Nicholas Strettell, of Ilam School, asks :-
Has anybody seen an atom?
Andrew Edgar, a physicist at the Victoria University of Wellington, responded.
No, atoms are too small to see with our eyes or with ordinary microscopes (which use light).
But we can in a sense "see" atoms with a new instrument called a Scanning Tunneling Microscope, invented in 1986 by two scientists called Rohrer and Binnig, working for IBM in Zurich, Switzerland. It was such a marvellous dicovery, and the pictures of atoms it produced were so dramatic, that they were awarded the Nobel prize for their work. This new "microscope" does not use light at all, but works by dragging a very fine needle across the surface of a material. When the needle comes to an atom sitting on the surface it has to go up and over the atom to get past. The instrument measures the movement of the needle, and we know that every time it goes up a bit it must have been climbing over an atom. By dragging the needle across the surface in a regular pattern, like a farmer ploughing a field, we can build up a contour map of the surface where the atoms stand out as bumps, just like the hills on an ordinary map. So we can see the bumps on the map, and we know the bumps are atoms, even though we can't see the atoms directly!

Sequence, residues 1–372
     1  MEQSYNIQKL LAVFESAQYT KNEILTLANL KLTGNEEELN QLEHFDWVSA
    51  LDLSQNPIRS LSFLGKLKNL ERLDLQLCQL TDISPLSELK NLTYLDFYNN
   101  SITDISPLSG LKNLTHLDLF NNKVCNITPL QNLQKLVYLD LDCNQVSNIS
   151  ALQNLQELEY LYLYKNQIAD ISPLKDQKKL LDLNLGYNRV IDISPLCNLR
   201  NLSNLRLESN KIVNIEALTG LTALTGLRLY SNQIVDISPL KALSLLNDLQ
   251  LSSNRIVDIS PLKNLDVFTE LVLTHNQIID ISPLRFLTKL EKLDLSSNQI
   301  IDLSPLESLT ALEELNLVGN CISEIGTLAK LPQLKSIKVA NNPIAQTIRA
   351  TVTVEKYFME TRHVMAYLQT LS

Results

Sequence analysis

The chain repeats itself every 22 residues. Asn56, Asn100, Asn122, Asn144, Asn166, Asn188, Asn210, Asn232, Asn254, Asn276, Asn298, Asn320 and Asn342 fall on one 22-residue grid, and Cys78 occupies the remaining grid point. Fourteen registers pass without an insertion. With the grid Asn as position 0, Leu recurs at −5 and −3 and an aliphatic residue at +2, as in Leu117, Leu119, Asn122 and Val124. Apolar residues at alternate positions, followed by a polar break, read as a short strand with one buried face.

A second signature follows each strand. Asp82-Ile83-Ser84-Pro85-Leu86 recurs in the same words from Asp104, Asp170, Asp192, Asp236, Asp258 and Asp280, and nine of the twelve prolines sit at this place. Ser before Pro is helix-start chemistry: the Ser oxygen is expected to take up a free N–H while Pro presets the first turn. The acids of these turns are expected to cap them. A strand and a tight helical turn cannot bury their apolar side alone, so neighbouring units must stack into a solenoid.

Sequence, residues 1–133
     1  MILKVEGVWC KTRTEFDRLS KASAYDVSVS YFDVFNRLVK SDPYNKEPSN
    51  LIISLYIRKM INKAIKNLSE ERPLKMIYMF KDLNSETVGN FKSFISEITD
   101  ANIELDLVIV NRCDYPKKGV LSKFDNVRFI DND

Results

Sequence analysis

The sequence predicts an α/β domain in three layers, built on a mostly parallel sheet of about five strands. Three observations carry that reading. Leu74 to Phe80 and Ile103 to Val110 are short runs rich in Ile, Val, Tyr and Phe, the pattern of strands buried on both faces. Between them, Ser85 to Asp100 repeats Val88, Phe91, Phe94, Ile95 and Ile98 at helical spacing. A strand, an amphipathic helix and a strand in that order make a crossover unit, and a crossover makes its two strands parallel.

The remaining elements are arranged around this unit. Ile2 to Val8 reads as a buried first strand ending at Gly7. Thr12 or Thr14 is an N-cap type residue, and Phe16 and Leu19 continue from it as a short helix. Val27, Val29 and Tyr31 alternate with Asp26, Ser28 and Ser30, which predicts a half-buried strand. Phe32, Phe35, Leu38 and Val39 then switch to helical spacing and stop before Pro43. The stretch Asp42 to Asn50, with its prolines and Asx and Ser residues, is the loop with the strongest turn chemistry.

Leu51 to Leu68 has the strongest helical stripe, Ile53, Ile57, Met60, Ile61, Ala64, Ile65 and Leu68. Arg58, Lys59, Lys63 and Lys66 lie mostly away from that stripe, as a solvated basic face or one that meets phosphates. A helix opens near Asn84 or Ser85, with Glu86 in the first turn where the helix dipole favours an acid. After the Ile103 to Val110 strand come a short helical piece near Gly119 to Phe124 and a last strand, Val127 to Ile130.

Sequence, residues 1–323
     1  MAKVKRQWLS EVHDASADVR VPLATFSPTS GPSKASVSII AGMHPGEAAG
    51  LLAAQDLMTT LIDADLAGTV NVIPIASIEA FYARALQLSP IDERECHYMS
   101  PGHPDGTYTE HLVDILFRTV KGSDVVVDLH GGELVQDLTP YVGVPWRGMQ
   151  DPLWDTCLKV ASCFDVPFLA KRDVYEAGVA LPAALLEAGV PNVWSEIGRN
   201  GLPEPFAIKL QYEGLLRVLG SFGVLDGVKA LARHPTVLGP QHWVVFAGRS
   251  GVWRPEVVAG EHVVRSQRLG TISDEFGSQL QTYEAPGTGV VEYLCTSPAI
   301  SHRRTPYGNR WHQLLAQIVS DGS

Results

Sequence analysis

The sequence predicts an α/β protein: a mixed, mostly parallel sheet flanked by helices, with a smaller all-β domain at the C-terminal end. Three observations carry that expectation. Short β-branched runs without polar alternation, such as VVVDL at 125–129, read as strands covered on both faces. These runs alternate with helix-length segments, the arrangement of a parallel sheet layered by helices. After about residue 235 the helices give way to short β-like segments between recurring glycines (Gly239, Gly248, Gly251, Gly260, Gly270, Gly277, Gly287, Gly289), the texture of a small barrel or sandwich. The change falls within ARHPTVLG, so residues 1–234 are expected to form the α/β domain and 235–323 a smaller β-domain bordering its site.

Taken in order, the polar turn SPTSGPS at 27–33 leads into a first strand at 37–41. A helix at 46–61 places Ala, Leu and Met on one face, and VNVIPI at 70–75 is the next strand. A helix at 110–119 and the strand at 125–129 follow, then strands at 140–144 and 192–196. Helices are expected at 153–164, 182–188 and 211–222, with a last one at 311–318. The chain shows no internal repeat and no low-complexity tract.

The people at IBM are very clever and have had some fun with their discovery - they found that by electrifying the needle they could drag loose atoms around and drop them off where they wanted to. So they spelt out the letters of their company name, IBM, in the form of atomic dots, where each dot was an atom, and this is the smallest writing ever in the history of the world!